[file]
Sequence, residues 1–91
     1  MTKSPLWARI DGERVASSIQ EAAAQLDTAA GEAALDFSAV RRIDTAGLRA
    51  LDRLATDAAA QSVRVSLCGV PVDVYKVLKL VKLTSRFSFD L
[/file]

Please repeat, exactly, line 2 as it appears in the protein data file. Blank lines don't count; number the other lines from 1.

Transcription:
     1  MTKSPLWARI DGERVASSIQ EAAAQLDTAA GEAALDFSAV RRIDTAGLRA